BACKGROUND AND CONTEXT
Like the rest of the United States, New Hampshire has made great progress over the last thirty years in improving the quality of our surface water, groundwater and drinking water supplies. The cleanup of New Hampshire's rivers is an environmental success story, as we have gone from having one of the nation's ten most polluted rivers to having over 90 percent of the state's waters meeting or exceeding water quality standards. In addition, New Hampshire has achieved full compliance with the Surface Water Treatment Rule of the Safe Drinking Water Act for over 70 municipalities that originally had unfiltered surface water supplies. Unlined landfills, which are a significant source of groundwater and surface water contamination, are being closed systematically on a priority basis. These accomplishments by New Hampshire's municipalities would not have been possible without federal and state financial assistance. These grants and loans to communities in New Hampshire have included: * $837 million in wastewater treatment grants. In fact, long after the federal construction grant program has evolved to the revolving loan program, New Hampshire still provides municipalities with $10 to $12 million per year in grants of 20 to 30 percent for qualifying communities. * $250 million in state and federal revolving fund loans have been issued for wastewater system improvements, drinking water supply upgrades and landfill closures. * $14.7 million in state grants for drinking water supply upgrades for surface water treatment rule compliance. * $ 21 million in state grants for landfill closures. * $1.5 million in 25% state matching grants were provided to municipalities for land acquisition to protect current- and future - drinking water sources. This is a new program which was established in 2000. New Hampshire is the only state with grants and loan programs for improvements to wastewater and drinking water supply systems, source water protection by land acquisition, and landfill closures. We have long recognized that municipal environmental infrastructure upgrades need to be given high priority and considered in an integrated fashion to ensure environmental and public health protection in an affordable manner for our citizens.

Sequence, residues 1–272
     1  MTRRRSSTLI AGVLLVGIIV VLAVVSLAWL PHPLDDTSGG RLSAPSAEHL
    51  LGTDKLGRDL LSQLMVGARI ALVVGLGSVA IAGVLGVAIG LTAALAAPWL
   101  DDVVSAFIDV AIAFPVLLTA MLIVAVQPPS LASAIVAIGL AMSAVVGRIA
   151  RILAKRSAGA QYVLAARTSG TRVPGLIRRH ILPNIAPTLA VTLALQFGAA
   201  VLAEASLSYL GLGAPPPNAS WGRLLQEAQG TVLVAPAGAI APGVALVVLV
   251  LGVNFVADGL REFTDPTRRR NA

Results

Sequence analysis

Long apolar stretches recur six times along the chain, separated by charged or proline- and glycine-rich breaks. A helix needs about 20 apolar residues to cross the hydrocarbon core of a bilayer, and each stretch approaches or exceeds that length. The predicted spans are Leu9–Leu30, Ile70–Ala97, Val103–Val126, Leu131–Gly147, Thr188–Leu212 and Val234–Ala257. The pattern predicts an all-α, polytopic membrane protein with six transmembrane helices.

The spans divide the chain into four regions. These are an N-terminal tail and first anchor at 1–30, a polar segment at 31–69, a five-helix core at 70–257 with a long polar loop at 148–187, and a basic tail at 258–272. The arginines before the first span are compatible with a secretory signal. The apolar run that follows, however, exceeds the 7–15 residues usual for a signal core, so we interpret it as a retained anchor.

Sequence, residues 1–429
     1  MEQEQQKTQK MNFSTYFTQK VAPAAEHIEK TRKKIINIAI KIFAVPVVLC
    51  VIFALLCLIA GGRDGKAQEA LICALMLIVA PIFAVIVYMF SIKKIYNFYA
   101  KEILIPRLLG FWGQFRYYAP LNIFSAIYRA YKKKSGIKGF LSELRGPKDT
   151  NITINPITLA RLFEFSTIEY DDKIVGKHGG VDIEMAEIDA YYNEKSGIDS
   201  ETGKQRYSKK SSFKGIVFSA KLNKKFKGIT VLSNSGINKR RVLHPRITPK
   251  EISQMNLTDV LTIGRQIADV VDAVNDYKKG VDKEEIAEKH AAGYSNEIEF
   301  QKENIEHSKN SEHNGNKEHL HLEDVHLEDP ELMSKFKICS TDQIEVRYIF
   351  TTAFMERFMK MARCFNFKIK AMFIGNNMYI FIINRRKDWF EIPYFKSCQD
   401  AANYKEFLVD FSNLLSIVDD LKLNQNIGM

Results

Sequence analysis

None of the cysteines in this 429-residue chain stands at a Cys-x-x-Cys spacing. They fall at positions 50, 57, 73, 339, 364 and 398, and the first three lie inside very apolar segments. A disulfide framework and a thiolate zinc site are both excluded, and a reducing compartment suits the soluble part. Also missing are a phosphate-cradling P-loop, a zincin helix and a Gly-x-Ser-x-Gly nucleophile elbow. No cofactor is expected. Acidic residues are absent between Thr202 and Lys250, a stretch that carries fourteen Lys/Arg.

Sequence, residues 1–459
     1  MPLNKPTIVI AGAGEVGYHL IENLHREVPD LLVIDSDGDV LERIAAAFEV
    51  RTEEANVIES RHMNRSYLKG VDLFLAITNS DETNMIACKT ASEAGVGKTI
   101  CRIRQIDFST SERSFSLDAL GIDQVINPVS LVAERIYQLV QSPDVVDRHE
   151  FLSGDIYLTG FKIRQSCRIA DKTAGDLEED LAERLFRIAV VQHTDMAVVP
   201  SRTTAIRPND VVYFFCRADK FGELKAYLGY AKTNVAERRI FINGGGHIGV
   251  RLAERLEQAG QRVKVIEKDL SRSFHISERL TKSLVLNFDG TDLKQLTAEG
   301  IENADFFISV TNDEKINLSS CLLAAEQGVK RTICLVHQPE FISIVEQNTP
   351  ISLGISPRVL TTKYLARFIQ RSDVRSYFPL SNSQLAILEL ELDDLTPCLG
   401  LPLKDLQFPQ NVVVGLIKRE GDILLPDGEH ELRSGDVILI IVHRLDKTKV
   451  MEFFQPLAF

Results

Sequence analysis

We work not only with the U.S. Environmental Protection Agency but also with the U.S. Department of Agriculture's (USDA) Rural Development Program and the Department of Housing and Urban Development's (HUD) Community Block Grant Program, which is administered in New Hampshire by the Office of State Planning, to optimize funding for drinking water and wastewater projects for New Hampshire's communities.
In spite of all that has been accomplished, New Hampshire still has major challenges that will require state and federal funding well into the future to upgrade and improve our core infrastructure and improve water quality. These include:
* Aging infrastructure, in two broad categories: o First, most of our 85 publicly-owned wastewater treatment plants were constructed or upgraded over 20 years ago during the "federal construction grants" era. The end of the useful life of original equipment is being approached and substantial new investment will be required within the next 10 years. o Also, water and wastewater piping systems (portions of which are over 100 years old) are deteriorating in some systems. The limited available local monies from user fees and taxes invested in water and wastewater infrastructure are used primarily to meet regulatory requirements such as drinking water and water quality standards. When the core infrastructure is inadequate, new development will move to undeveloped land, remote from urban centers, where on-site water and wastewater disposal is feasible, contributing to "urban sprawl" and increasing potential for water quality degradation in undeveloped areas. "Smart growth" requires water and wastewater piping systems with adequate capacity and integrity for reasonable growth.